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How Kvyat performs now will determine whether his F1 career lives on

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It’s going to be hard for Daniil Kvyat to find a bright side in the wake of his demotion to Scuderia Toro Rosso – because let’s face it, that’s what it is.

And his antics in Sochi have thus provided the opportunity for Max Verstappen to replace him at Red Bull Racing.

But, even though he’s only 22 years old and now thrust into a second major transition in his two-plus year Formula 1 career, Kvyat has been given something most Red Bull junior drivers haven’t: a second chance.

Toro Rosso, nee Minardi, has been on the grid 10 years now since debuting in 2006.

In pop culture terms, Toro Rosso is basically the F1 equivalent of Erlich Bachman’s incubator if you watch the HBO series “Silicon Valley.”

At Toro Rosso, one of two things happen: you either move up to Red Bull, or you don’t, and you almost never return to F1 again.

And that’s where Kvyat has a rare chance as the first driver to get a race seat reprieve since Vitantonio Liuzzi, and, if his head can be right, a shot at motivation.

Let’s take a look first at Toro Rosso’s driver lineups to date, and their post-Toro Rosso careers:

  • Scott Speed (2006-mid-2007); no further F1 starts after Toro Rosso; now, 2015 Red Bull GRC champion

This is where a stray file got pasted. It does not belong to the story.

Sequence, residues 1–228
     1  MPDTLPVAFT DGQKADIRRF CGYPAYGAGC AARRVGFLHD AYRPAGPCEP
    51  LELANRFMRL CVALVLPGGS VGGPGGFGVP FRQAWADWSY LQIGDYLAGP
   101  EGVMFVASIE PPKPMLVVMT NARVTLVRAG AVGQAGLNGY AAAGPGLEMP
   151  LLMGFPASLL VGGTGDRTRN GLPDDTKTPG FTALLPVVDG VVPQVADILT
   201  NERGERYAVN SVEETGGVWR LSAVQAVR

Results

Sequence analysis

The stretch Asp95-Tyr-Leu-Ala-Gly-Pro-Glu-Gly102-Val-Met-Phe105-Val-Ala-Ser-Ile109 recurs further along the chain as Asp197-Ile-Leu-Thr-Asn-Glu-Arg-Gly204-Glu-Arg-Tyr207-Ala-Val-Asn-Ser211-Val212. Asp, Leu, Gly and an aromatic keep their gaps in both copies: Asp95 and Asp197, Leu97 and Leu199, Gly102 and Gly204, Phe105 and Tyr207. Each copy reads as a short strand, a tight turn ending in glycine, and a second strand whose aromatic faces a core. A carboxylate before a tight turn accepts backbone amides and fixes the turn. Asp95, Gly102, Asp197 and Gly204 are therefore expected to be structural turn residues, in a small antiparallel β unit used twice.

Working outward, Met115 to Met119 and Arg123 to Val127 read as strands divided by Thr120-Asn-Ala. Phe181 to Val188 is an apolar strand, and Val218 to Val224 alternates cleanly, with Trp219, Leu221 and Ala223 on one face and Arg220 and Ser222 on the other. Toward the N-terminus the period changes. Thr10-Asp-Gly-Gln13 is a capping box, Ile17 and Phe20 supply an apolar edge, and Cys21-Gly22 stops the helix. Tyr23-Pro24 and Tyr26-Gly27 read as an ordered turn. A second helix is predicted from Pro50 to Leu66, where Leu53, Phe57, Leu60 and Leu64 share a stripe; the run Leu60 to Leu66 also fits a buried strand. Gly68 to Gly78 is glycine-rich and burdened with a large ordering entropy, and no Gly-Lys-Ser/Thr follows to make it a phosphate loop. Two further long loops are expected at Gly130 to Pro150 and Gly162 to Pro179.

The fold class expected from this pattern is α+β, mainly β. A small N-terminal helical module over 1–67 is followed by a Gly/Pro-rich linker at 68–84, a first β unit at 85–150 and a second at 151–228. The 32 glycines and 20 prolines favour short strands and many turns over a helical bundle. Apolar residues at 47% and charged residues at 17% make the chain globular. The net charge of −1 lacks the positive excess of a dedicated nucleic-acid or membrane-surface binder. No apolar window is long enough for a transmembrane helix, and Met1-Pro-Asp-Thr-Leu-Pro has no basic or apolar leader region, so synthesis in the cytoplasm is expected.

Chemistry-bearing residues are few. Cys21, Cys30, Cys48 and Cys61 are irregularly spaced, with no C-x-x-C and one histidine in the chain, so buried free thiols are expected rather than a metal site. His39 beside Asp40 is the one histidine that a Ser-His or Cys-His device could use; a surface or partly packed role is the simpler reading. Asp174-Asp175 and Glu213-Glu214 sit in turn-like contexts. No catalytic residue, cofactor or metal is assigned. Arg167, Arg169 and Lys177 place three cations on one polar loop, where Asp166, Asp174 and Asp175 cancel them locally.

• Vitantonio Liuzzi (2006-2007); 41 further F1 starts after Toro Rosso from 2009-2011 with Force India, HRT
  • Sebastian Vettel (Mid-2007-2008); promoted to Red Bull; 4-time World Champion… things worked out fine
  • Sebastien Bourdais (2008-mid-2009); no further F1 starts after Toro Rosso; back in IndyCar since 2011
  • Jaime Alguersuari (Mid-2009-2011); no further F1 starts after Toro Rosso; some FIA Formula E, now retired
  • Sebastien Buemi (2009-2011); no further F1 starts after Toro Rosso; 2014 FIA World Endurance Championship World Champion with Toyota; also regular race winner in Formula E
  • Daniel Ricciardo (2012-2013); promoted to Red Bull; 3-time Grand Prix winner
  • Jean-Eric Vergne (2012-2014); no further F1 starts after Toro Rosso; Ferrari test driver and Formula E driver
  • Daniil Kvyat (2014, mid-2016-present); promoted to Red Bull, now, sent back to Toro Rosso
  • Max Verstappen (2015-mid-2016); promoted to Red Bull
  • Carlos Sainz Jr. (2015-present); future TBD beyond Toro Rosso career

So there you have it: 11 drivers in Toro Rosso’s history, none lasting longer than three years, four promoted to Red Bull, and only one – Liuzzi, in 2009 – ever returning to the grid after their post-Toro Rosso career ended.

Note, I’m not including Christian Klien here – the Austrian graduated into F1 with Jaguar in 2004 before Red Bull launched in 2005 – he never drove for Toro Rosso. Liuzzi, additionally, drove a handful of Grands Prix for Red Bull in 2005 but was never in with a shout at returning once Red Bull kept Klien alongside David Coulthard for 2006.

And that’s before you get to the countless others who Red Bull had in their “incubator” at one point or another, but never had a sniff of F1.

That includes the likes of Antonio Felix da Costa, Robert Wickens, Brendon Hartley, Neel Jani, Filipe Albuquerque, Alex Lynn, Daniel Juncadella among others (a more exhaustive list is found here).

Toro Rosso differs from its predecessor in obvious reasons. Many of the 37 drivers in Minardi’s history used the venerable Italian team as a springboard to move higher up the grid – you got your start at Minardi, you went forward from there, and you remained grateful to Faenza for giving you that first chance.